A motion for summary judgment may not be granted unless there are no genuine issues of material fact and the movant is entitled to judgment as a matter of law. Fed.R.Civ.P. 56(a). The moving party bears the initial burden of demonstrating the absence of a genuine issue of material fact. Celotex Corp. v. Catrett, 477 U.S. 317, 323 (1986). If that burden has been met, the non-moving party must then come forward and establish the specific material facts in dispute to survive summary judgment. Matsushita Elec. Indus. Co., Ltd. v. Zenith Radio Corp., 475 U.S. 574, 587-88 (1986). In determining whether a genuine issue of material fact exists, a court must view the evidence and the inferences in the light most favorable to the nonmoving party. Scott v. Harris, 550 U.S. 372, 378 (2007). However, "[t]he mere existence of a scintilla of evidence" in support of the nonmoving party's position is not sufficient to defeat a motion for summary judgment; "there must be evidence on which the [fact finder] could reasonably find for the [nonmoving party]." Anderson v. Liberty Lobby, Inc., 477 U.S. 242, 252 (1986). And "the mere existence of some alleged factual dispute between the parties will not defeat an otherwise properly supported motion for summary judgment; the requirement is that there be no genuine issue of material fact." Id. at 247-48 (emphasis in original). Speculative or conclusory allegations will not suffice. Thompson v. Potomac Elec. Power Co., 312 F.3d 645, 649 (4th Cir. 2002).

         At the outset, the Court is persuaded that there are no genuine issues of material fact such that summary judgment is not appropriate. At this stage, the dispute between the parties on the issue of priority is purely legal. To the very limited extent that plaintiff objects to defendant's statement of undisputed facts, the Court finds that the dispute is not material to resolution of the underlying legal dispute.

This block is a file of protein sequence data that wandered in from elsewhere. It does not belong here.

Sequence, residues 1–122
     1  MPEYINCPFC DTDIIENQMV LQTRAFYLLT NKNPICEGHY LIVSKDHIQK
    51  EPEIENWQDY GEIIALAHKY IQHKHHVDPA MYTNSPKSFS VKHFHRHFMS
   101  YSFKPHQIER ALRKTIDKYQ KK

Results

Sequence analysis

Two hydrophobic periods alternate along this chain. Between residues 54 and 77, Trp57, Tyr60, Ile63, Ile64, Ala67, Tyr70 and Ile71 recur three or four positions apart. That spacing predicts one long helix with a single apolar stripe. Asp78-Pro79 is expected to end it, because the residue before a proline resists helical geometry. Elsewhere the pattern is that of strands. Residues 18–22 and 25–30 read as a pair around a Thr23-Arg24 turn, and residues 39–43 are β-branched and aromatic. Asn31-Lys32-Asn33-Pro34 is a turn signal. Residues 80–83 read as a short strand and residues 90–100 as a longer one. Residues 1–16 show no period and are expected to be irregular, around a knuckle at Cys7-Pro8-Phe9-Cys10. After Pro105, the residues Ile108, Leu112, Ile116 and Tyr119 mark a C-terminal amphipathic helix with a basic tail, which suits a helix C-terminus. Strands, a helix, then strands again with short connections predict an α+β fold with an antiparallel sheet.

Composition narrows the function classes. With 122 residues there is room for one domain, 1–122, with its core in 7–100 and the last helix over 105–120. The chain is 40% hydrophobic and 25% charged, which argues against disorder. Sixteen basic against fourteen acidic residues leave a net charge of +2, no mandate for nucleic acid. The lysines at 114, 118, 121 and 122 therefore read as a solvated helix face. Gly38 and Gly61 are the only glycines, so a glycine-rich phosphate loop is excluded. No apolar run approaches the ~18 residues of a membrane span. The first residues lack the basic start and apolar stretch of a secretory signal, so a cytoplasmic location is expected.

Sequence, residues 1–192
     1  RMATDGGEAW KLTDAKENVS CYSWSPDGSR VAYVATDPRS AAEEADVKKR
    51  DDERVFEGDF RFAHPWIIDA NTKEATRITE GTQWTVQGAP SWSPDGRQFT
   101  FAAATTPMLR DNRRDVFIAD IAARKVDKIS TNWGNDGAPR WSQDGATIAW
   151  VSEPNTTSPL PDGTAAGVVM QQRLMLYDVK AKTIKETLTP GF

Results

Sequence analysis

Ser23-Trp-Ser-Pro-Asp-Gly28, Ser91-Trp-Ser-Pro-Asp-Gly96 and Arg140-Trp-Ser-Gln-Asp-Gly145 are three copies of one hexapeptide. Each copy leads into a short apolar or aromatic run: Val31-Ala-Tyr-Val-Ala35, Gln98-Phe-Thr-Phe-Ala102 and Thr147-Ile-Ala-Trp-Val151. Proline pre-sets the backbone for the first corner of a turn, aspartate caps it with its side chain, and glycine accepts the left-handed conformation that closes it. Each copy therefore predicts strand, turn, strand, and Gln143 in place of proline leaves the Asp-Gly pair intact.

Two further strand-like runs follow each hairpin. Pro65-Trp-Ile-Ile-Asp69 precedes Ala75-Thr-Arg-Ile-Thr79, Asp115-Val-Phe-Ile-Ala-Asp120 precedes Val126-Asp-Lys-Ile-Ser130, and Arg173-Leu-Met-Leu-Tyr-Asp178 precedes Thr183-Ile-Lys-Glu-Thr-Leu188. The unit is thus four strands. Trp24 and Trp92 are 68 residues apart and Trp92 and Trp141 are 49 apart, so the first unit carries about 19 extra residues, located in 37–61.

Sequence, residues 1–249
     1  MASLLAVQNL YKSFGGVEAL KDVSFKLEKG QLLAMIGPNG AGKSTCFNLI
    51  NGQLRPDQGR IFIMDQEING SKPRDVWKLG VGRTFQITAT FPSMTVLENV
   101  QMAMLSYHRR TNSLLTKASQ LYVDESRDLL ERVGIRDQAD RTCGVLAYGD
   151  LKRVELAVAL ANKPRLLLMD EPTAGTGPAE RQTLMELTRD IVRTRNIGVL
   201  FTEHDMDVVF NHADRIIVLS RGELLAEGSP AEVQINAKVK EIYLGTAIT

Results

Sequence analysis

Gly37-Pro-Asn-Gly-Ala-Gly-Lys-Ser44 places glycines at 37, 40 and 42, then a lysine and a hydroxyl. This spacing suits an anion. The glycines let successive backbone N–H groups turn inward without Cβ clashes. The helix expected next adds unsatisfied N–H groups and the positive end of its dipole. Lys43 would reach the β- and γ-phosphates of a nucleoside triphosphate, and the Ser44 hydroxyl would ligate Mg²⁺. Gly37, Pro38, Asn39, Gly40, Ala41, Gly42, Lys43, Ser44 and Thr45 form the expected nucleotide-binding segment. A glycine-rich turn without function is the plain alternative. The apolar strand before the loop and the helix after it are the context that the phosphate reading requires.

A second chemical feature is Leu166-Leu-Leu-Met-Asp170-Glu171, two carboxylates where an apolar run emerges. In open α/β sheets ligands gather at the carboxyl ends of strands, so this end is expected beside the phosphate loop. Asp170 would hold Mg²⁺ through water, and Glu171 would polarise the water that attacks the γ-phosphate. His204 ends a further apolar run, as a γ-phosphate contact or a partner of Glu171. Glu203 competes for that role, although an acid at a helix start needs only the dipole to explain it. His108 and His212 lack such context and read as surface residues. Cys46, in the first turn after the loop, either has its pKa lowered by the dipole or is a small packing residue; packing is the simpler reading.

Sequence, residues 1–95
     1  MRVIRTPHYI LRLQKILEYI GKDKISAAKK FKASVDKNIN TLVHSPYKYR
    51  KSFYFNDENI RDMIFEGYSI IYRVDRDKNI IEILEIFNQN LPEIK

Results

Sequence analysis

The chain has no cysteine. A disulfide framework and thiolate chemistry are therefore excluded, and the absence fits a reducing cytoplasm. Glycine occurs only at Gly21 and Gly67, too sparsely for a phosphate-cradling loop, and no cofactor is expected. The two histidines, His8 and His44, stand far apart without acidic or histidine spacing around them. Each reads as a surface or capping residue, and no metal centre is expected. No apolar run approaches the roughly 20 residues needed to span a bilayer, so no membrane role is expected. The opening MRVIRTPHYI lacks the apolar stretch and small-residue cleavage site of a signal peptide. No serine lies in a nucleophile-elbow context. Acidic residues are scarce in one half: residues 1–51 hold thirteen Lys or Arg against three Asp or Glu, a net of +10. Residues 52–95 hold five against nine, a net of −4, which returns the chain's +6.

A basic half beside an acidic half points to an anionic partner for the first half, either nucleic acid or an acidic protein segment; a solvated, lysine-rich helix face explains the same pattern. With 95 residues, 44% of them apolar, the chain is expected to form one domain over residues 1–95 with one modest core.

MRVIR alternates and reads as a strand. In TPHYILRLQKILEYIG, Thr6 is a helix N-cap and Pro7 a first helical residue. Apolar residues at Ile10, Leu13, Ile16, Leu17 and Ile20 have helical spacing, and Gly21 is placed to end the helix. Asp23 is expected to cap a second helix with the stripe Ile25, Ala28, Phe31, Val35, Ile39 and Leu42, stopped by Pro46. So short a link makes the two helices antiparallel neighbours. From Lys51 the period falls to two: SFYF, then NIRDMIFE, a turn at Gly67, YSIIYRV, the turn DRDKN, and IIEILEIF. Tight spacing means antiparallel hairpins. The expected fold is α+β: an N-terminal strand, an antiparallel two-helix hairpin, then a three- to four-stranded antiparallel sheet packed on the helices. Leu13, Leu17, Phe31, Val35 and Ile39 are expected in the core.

The only question before the Court is whether the two relevant exclusions-Knowing Violation of Rights of Another and Material Published With Knowledge of Falsity-are applicable to the Nevada action such that plaintiff is not obligated to either defend or indemnity defendant in that action. The Nevada action involves conduct that allegedly caused a "personal and advertising injury" to the Nevada plaintiffs and, because the Nevada seek damages on their business disparagement claim, the insurance policy would seem to be applicable. Plaintiff now argues, however, that at least one of the two exclusions is applicable to the business disparagement claim.

         The insurance policy at issue in this case was delivered in North Carolina and, as such, North Carolina law governs it. See Fortune Ins. Co. v. Owens, 351 N.C. 424, 428, 526 S.E.2d 463 ( N.C. 2000) ("the substantive law of the state where the last act to make a binding contract occurred, usually delivery of the policy, controls the interpretation of the contract"). To determine whether an insurer has a duty to defend, North Carolina courts "apply the 'comparison test' which requires that the insured's policy and the complaint be read side-by-side to determine whether the events alleged are covered or excluded by the policy." Plum Props., LLC v. N. C Bureau Mut. Ins. Co., 802 S.E.2d 173, 175 ( N.C. 2017). "[T]he duty to defend arises whenever there is a potential or possible liability to pay based on the allegations in the complaint and is not dependent on the probable liability to pay based on the facts ascertained through trial." Auto-Owners Ins. Co. v. Potter, 242 Fed.Appx. 94, 99-100 (4th Cir. 2007) (quotations and citations omitted). "The duty to defend is excused only if the facts alleged in the complaint do not even arguably fall within the policy coverage and an independent investigation reveals no extrinsic facts demonstrating coverage." Id. (quotations and citation omitted).

         The Court, then, must turn to the Nevada complaint and compare it to the insurance policy.

         To prevail on a claim for business disparagement under Nevada ...